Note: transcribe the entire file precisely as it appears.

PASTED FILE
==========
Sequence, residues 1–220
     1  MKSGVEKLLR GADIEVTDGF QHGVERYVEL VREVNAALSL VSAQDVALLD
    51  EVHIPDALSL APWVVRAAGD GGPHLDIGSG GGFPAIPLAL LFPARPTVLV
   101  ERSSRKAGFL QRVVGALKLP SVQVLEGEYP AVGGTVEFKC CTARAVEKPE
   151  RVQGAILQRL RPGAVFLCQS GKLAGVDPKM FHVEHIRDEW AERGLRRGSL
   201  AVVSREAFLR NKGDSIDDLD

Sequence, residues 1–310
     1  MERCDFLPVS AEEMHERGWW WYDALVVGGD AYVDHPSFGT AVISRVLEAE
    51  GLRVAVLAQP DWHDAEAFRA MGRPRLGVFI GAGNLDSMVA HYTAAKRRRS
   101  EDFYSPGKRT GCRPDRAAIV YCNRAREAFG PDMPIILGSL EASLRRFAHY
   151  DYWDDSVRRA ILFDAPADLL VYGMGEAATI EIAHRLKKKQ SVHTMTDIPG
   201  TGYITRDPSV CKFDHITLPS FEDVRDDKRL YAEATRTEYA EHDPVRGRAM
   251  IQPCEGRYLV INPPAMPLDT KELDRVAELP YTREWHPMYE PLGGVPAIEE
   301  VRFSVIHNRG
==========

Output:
Sequence, residues 1–220
     1  MKSGVEKLLR GADIEVTDGF QHGVERYVEL VREVNAALSL VSAQDVALLD
    51  EVHIPDALSL APWVVRAAGD GGPHLDIGSG GGFPAIPLAL LFPARPTVLV
   101  ERSSRKAGFL QRVVGALKLP SVQVLEGEYP AVGGTVEFKC CTARAVEKPE
   151  RVQGAILQRL RPGAVFLCQS GKLAGVDPKM FHVEHIRDEW AERGLRRGSL
   201  AVVSREAFLR NKGDSIDDLD

Sequence, residues 1–310
     1  MERCDFLPVS AEEMHERGWW WYDALVVGGD AYVDHPSFGT AVISRVLEAE
    51  GLRVAVLAQP DWHDAEAFRA MGRPRLGVFI GAGNLDSMVA HYTAAKRRRS
   101  EDFYSPGKRT GCRPDRAAIV YCNRAREAFG PDMPIILGSL EASLRRFAHY
   151  DYWDDSVRRA ILFDAPADLL VYGMGEAATI EIAHRLKKKQ SVHTMTDIPG
   201  TGYITRDPSV CKFDHITLPS FEDVRDDKRL YAEATRTEYA EHDPVRGRAM
   251  IQPCEGRYLV INPPAMPLDT KELDRVAELP YTREWHPMYE PLGGVPAIEE
   301  VRFSVIHNRG